Seth MacFarlane’s live-action directorial debut is the funniest film of the year and may be one of its best.
There’s a reason Family Guy creator Seth MacFarlane has a legion of fans. The former animator turned voice actor, comedian and producer has his finger on the pulse of American pop culture, often including various references into the inner monologues of the dysfunctional characters he’s created. The Star Wars references on Family Guy alone led to a DTV series of three films that spoofed the original trilogy. MacFarlane also has a knack for making his flawed and sometimes downright despicable creations appealing, yet he’s been criticized for not writing more character driven pieces.
For his live action directorial debut, Ted, MacFarlane has fashioned yet another intriguing premise, the story of a 35-year-old man whose best friend and roommate is a talking teddy bear that magically came to life when he was ten years old. It’s a nifty idea where even the thought of it seems humorous, but one that could quickly fizzle if not handled by the right talent. MacFarlane seems to be well aware of that and of his critics and though his vocal work helps make the foul mouthed, pot-smoking, sex crazed title character endearing, it’s his onscreen relationship with star Mark Wahlberg that really sells the piece.
At times, Ted feels like an extended episode of Family Guy, opening with a “fairy tale” approach with some rather hilarious and often dirty narration by none other than the great Patrick Stewart, a Shakespearean actor no less. The fact that a boy’s teddy bear suddenly came to life one night because he wished for it is something that’s easily accepted in this world as Ted becomes a bit of a celebrity, before turning into a slacker who spends his free time smoking a bong on the couch of his best friend John (Wahlberg). Wahlberg’s man-child, “aw shucks” persona and Boston accent is actually appropriate for MacFarlane’s material here, making this perhaps the first time the former underwear model’s been perfectly cast for a role. Whether Ted is an animatronic or complete CG creation remains to be seen, but the actor does deserve praise for performing rather naturally opposite an artificial co-star. Yoda may have been the center of attention in his scenes with Luke in The Empire Strikes Back, but it was Mark Hamill’s performance that made their interaction feel real.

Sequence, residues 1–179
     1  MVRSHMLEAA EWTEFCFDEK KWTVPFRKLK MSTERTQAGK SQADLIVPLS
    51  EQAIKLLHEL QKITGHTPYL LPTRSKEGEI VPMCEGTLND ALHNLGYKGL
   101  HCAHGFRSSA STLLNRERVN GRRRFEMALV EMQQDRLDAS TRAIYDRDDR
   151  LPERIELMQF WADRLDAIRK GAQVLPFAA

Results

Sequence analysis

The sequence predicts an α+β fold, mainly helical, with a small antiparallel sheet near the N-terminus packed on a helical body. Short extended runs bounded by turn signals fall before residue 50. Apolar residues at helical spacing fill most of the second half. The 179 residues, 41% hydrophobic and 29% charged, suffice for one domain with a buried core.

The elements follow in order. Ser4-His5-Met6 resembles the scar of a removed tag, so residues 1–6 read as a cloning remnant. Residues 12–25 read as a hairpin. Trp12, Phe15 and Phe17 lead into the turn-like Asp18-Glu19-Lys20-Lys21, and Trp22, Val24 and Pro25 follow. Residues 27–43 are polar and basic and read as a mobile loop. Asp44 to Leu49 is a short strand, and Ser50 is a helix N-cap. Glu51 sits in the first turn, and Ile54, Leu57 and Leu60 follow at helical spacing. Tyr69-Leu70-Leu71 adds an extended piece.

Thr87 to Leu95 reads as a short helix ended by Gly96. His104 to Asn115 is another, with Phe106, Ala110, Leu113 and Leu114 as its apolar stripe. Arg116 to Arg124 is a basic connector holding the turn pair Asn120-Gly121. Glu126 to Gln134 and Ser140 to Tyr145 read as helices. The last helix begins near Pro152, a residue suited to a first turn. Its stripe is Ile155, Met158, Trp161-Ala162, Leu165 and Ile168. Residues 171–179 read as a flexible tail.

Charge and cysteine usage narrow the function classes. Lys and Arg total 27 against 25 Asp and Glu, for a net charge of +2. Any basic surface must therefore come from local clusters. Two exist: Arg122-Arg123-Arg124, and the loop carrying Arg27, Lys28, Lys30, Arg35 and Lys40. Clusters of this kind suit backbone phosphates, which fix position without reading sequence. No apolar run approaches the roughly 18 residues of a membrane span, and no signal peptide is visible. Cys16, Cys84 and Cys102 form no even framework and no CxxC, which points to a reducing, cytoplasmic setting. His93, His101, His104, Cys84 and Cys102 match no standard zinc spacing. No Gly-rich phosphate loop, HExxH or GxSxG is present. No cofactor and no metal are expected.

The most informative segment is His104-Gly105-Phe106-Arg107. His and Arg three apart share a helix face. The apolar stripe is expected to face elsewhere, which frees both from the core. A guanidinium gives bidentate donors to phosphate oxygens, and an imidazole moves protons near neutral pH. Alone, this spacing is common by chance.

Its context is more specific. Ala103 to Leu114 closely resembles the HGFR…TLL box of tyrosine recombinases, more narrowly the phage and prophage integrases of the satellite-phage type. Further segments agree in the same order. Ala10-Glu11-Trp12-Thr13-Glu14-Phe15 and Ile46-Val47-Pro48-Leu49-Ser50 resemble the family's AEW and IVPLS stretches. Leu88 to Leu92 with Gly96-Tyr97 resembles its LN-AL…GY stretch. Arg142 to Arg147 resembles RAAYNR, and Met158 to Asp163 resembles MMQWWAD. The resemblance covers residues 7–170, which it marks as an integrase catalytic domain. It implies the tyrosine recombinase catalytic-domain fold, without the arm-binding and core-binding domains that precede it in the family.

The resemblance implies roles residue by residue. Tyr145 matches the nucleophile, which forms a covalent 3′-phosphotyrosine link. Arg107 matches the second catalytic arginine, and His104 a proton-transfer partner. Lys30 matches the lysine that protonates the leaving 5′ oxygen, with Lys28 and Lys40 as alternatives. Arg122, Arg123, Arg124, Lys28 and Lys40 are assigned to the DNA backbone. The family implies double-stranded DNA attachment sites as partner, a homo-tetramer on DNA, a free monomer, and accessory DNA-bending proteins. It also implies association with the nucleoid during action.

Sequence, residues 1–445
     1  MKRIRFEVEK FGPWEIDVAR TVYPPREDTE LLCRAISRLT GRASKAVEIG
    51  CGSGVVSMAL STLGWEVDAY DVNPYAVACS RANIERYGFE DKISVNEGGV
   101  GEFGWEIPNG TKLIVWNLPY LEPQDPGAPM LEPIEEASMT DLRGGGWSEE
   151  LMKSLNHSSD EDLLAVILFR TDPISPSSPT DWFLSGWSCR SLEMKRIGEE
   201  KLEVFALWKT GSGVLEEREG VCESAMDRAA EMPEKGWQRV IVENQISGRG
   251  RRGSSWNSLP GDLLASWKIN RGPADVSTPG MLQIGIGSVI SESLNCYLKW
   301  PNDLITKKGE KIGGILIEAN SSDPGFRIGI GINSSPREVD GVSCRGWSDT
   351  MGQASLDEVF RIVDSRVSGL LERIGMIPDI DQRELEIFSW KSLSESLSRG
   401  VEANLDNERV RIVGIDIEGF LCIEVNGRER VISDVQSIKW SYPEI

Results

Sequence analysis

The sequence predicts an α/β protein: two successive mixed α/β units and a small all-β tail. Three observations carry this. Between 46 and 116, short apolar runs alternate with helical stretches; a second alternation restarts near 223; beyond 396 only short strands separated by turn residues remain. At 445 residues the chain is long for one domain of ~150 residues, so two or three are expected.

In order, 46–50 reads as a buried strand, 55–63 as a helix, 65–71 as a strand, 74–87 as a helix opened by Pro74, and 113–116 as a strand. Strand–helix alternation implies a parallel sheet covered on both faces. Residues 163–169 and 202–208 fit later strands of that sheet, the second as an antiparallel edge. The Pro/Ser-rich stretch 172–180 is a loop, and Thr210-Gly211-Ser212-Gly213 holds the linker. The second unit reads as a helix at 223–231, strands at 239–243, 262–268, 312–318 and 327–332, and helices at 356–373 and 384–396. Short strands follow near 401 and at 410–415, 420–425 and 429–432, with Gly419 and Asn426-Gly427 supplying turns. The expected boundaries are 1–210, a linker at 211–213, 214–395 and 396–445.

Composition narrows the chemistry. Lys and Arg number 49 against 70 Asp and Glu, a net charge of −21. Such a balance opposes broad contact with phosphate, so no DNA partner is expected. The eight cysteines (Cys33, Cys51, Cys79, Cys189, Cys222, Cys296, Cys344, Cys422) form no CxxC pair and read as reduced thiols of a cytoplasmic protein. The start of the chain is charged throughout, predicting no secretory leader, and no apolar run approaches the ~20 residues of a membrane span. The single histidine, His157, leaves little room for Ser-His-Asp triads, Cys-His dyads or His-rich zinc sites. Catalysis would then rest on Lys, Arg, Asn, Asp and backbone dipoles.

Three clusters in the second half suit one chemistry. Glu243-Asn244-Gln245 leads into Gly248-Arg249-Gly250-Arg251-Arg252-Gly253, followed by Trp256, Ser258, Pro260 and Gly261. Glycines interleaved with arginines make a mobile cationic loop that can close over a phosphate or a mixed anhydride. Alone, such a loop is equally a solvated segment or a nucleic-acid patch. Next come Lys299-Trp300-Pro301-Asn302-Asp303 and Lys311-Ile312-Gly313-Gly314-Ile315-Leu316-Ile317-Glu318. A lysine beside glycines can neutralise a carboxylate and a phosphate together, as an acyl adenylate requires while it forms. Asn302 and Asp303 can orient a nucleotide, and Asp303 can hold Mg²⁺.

MacFarlane could have easily taken the safe way out and simply made Ted a bad influence on John, also a slacker who’s on the verge of making assistant manager at a second rate car rental facility. But the furry guy does mean well and wants the best for his longtime buddy as well as live in girlfriend Lori (Mila Kunis), who after four years wants John to make a proper commitment. Asking Ted to move out and find a place of his own so that he and Lori can plan their future is the hardest thing John’s ever had to do, but it doesn’t put a damper on the pair’s relationship. If anything, it shows Lori just how attached to his teddy bear her man can be.
Despite the fact that John’s promised to Lori to have less of Ted in their life, when his furry friend calls him up, the guy still comes knocking. You have to realize, this is a grown man who can’t get to sleep during a loud thunderstorm without cuddling up next to his teddy and singing a song from their childhood. The growing friction between John and Lori actually puts a smile on the face of her sleazy, spoiled and rich, womanizing boss (Joel McHale), who’s been waiting to make his move.